Sunday, July 25, 2010

Harbour Cruising

"Variety is the spice of life", as well as paddling. I spent Saturday with seven other members of The NSWSKC taking in the sights of Sydney Harbour. We put in at Vaucluse Bay and cruised around Clark and Shark Islands before heading over for a close up view of Fort Denison.


Julie, Ian, Steve, Matt, Ken, Adrian, Bill

We ran into fellow club member John Friedman who took this photo of the rest of us. Ian posted some of his excellent photos from our Harbour Explorer and our previous Inner Harbour Explorer trips as well.

The great thing about paddling with a club is it brings together a diverse range of people who all bring something unique to the group whilst contributing in their own way and learning from each others real world experience. The training and accreditation process used by a club with formal training and operating procedures ensures a consistant, qualified and tested approach to training and any advice given is from those qualified to give it. The problem with unqualified and internet expertise type advice is its usually bullshit. Its like doing modifications to your kayak in your garage - it all seems fine until you actually test it in real conditions only to find your great idea has become a serious liability.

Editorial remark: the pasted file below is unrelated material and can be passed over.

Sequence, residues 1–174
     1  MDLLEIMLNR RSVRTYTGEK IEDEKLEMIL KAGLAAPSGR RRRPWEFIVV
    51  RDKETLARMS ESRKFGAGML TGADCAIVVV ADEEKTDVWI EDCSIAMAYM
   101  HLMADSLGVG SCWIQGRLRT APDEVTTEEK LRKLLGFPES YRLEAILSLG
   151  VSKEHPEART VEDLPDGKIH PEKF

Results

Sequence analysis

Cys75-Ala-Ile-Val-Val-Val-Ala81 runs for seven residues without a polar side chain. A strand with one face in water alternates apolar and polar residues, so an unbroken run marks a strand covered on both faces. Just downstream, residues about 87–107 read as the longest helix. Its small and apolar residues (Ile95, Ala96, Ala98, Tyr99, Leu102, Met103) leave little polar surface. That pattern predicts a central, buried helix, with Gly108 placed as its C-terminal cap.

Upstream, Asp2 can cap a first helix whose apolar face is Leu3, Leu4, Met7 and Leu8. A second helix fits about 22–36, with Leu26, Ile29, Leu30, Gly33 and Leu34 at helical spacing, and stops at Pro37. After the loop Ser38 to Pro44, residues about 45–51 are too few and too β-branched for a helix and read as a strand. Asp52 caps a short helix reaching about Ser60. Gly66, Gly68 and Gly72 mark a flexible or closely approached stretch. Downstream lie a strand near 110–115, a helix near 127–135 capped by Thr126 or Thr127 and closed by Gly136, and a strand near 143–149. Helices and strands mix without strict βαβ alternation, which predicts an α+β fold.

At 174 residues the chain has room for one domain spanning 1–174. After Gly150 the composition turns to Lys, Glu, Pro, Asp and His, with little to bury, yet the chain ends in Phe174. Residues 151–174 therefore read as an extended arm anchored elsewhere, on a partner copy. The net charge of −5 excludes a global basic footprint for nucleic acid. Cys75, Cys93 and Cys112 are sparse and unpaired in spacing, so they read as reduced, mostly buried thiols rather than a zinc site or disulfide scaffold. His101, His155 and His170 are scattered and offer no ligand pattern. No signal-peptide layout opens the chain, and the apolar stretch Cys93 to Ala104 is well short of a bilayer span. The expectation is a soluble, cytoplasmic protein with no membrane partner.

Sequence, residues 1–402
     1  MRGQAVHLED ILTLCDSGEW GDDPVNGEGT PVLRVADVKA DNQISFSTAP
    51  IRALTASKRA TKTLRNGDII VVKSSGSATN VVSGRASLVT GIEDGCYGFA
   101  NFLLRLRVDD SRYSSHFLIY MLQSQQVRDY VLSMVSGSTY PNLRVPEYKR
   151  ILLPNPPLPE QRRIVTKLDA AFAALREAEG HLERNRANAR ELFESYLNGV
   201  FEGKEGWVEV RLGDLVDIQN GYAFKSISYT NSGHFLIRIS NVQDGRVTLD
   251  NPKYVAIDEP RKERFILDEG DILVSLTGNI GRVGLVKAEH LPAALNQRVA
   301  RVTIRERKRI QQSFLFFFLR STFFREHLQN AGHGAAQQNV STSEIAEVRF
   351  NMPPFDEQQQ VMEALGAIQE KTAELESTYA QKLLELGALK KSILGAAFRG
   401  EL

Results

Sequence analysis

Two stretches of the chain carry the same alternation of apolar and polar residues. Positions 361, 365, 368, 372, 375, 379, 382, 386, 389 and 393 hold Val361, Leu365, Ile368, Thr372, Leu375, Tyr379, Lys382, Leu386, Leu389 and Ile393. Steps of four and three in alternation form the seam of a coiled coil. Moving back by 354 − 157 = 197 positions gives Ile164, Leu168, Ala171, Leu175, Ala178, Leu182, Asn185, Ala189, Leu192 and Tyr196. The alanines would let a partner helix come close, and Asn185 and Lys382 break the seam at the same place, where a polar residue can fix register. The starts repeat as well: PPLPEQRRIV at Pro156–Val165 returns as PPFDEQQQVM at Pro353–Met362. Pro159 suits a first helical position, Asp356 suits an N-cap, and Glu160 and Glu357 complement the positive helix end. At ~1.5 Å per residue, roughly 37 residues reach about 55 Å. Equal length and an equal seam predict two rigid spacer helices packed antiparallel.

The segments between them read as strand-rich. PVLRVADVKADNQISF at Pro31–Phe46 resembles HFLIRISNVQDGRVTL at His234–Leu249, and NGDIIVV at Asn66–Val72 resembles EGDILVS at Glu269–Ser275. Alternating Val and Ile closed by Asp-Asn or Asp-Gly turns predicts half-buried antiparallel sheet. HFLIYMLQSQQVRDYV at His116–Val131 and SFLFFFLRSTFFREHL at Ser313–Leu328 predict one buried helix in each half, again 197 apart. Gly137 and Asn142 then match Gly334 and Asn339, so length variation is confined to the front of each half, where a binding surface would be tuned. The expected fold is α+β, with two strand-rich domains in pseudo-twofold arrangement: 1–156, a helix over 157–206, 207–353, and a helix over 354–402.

I recently came accross a fellow helping his mates learn to roll. He suggested that the offside leg be disengaged from the coaming and straightened, as that will make the roll easier. The novice followed his advice and rolled up easier. There were smiles all round. Whats wrong with this? Well I know from being cleaned up and rolled unexpectedly that the most important thing is to lock those thighs in as hard as you can and to keep them locked in otherwise you'll be sucked from your boat and put into a far more perilous situation. I know its easier to roll by disengaging a leg but its bad advice, unless of course you just want to roll in the harbour to impress new kayakers. This is an example of unqualified advice being bad and possibly even negligent.

It takes a long time and a dedicated approach to work up through the ranks of a club such as the NSWSKC. It generally takes active members five years just to get to Sea Leader stage - and even then we're still not qualified to instruct, and only give general advice. Of course all these qualifications mean little if you find yourself facing treacherous conditions. Unlike other pursuits like business, politics and so on where spin, big talk and flashy gear can get you up the ladder sea kayakers have a higher authority to sort us all out - the sea.

Of course club paddling will never be for everyone, which is one of the main benefits!


Anonymous said...

right on Matty, 100% right as usual

Fat Paddler said...

Some interesting points there Matt. :)

Always great to see photos of our beautiful harbour of course, glad you enjoyed it. Cheers - FP